Secretary of State Hillary Rodham Clinton is shepherding Mideast talks this week that she says may be the last chance for peace between Israelis and Palestinians.
Clinton and former Sen. George Mitchell, President Barack Obama's special envoy to the region, planned to be in the Red Sea resort of Sharm el-Sheik, Egypt, for talks Tuesday with Israeli Prime Minister Benjamin Netanyahu and Palestinian President Mahmoud Abbas.
They are scheduled to shift to Jerusalem for a second day of talks Wednesday, and it's likely that Obama will resume negotiations with Abbas and Netanyahu in New York the following week on the sidelines of the U.N. General Assembly.
The Palestinians have insisted that without an extension, the peace talks will go nowhere.
Raising the pressure, Obama said Friday that he has urged Netanyahu to extend the partial moratorium as long as talks are making progress.
However, Netanyahu said Sunday that the currect restrictions will not remain in place, though there will still be some limits on construction.
Netanyahu told Mideast envoy Tony Blair the Palestinians want a total freeze in construction.
"That will not happen," he said. Israel will not build "tens of thousands of housing units that are in the pipeline, but we will not freeze the lives of the residents," Netanyahu said.
Obama also said he's told Abbas that if he shows he's serious about negotiating, it will give political maneuver room for Netanyahu on the settlement issue. Abbas knows "the window for creating a Palestinian state is closing," Obama said.
Clinton's task, Obama said, is to get the Israeli and Palestinian leaders to "start thinking about how can they help the other succeed, as opposed to how do they figure out a way for the other to fail."
Previewing the upcoming talks, Clinton said "there is a certain momentum" after an initial round in Washington on Sept. 2., which marked the first direct Israeli-Palestinian talks in nearly two years.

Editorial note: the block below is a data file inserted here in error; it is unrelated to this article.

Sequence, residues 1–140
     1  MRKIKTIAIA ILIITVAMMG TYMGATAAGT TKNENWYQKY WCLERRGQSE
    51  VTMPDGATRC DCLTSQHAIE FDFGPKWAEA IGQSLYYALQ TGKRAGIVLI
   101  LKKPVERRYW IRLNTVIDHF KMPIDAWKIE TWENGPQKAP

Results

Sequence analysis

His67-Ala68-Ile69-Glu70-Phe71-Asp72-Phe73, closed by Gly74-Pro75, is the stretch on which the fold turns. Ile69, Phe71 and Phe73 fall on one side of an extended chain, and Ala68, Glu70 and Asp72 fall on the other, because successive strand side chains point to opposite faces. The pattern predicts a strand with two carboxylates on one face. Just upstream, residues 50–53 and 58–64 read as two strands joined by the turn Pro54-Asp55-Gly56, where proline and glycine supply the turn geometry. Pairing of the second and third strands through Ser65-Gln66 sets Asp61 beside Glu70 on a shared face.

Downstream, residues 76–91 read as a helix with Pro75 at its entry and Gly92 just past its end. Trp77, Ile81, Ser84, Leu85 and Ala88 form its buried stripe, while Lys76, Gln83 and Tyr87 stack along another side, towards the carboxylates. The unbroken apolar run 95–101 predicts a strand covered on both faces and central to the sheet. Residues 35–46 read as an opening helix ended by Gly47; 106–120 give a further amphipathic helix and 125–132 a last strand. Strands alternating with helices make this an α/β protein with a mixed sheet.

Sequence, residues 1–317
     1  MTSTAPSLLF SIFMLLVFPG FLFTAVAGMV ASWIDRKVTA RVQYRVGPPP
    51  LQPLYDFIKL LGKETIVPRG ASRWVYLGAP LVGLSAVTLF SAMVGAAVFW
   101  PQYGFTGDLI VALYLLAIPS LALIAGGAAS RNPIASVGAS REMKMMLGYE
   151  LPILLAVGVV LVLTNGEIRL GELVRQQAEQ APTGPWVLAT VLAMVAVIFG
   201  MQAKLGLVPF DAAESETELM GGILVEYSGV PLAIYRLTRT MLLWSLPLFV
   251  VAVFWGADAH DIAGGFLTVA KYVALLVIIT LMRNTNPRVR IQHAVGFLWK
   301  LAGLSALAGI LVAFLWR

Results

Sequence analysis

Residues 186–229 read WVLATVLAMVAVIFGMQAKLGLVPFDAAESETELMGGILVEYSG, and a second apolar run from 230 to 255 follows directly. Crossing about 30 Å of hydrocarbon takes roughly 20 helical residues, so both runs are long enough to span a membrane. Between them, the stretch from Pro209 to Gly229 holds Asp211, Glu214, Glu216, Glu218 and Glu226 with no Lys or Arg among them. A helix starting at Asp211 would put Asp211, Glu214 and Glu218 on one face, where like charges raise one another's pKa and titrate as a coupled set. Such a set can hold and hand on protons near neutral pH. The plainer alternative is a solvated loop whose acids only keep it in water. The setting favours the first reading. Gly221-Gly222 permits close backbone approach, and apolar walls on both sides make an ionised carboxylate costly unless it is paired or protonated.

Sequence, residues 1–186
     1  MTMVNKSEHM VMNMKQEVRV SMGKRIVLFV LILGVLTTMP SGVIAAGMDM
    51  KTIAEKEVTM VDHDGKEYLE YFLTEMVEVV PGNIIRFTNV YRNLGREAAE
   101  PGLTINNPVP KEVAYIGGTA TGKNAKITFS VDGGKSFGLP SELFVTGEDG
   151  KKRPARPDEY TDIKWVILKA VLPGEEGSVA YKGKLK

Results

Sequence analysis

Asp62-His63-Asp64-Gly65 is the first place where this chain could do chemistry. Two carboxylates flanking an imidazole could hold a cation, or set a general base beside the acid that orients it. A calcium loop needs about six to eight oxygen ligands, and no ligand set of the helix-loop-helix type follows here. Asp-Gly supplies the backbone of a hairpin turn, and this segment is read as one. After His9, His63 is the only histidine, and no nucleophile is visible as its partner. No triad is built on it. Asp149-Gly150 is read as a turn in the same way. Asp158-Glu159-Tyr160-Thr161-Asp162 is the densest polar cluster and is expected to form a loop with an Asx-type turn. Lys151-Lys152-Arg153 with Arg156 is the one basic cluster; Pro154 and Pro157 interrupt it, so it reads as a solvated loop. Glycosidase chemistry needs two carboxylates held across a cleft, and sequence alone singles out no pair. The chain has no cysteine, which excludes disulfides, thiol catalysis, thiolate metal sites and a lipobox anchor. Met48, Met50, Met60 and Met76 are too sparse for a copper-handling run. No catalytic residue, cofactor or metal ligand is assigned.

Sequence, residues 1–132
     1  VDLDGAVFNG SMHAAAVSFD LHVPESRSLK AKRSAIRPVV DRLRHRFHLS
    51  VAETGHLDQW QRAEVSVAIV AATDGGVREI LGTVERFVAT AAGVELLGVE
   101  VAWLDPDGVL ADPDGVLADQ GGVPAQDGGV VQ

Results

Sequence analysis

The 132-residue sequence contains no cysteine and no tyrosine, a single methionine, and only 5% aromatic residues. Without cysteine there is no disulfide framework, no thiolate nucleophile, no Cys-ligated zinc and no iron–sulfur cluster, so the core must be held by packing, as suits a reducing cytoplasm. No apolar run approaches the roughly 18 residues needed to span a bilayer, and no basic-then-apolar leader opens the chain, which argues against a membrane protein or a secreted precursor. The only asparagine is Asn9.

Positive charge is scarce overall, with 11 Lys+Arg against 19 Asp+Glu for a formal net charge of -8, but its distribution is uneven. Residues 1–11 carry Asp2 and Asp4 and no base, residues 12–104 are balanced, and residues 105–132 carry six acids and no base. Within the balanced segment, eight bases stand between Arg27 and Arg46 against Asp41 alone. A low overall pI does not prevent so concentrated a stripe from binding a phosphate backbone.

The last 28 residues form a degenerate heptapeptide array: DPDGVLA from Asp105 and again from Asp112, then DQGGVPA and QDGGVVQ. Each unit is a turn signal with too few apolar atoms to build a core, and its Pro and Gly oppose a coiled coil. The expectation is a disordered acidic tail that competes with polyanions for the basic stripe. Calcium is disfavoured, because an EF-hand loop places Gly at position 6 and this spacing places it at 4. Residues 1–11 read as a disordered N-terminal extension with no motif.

In an appearance this past week at the Council on Foreign Relations, Clinton was asked why those who see little chance of reaching a settlement in the one-year deadline Obama has set are wrong.
"I think they're wrong because I think that both sides and both leaders recognize that there may not ever be another chance," she replied.
The "last chance" notion is based in part on the knowledge that Abbas is living on borrowed time, in a political sense. His electoral mandate expired in 2009 and he fears a Hamas takeover of the West Bank, which is supposed to make up the bulk of an independent Palestinian state.
Time is a motivating factor for the Israelis, too. Some Israelis believe the longer that Israel occupies the West Bank and its growing Arab population, the more Israel's future as a Jewish state is imperiled. Creating a sovereign Palestine would get Israel out of the occupation business.
More broadly, the status quo is a drag on U.S. interests. The wars and grievances that flowed from Israel's 1948 founding as a Jewish state have divided the Middle East, and U.S. officials have argued that the conflict begets hatred and suspicion of the U.S. as Israel's principal ally.
Obama wants a deal within a year; Israelis are deeply skeptical after decades of failed efforts.
Netanyahu acknowledges the widespread doubts.
"There are many obstacles, many skeptics, and many reasons for skepticism," he said in a Jewish new year address last Tuesday. He called the resumed negotiations "an important step in an attempt" to make peace, but added that it "is an attempt because there is no certainty of success."
One concern of all the parties to the talks is Hamas, the militant Islamist movement that refuses to negotiate and opposes Israel's very existence. Hamas controls the Gaza Strip, which is supposed to be part of a negotiated Palestinian state along with most of the West Bank.
Michele Dunne, a Mideast expert at the Carnegie Endowment for International Peace, said it appears the talks will go nowhere until the two sides, with Clinton's help, can find a compromise solution to the settlements issue.
"That's probably going to have to be the first item on the agenda," she said in a telephone interview. "The first priority is to make sure that the talks don't collapse at the end of September."
She gives the current format for negotiations about six months before the U.S. will have to either give up or put forth its own peace plan and try to rally support for it from moderate Arab states.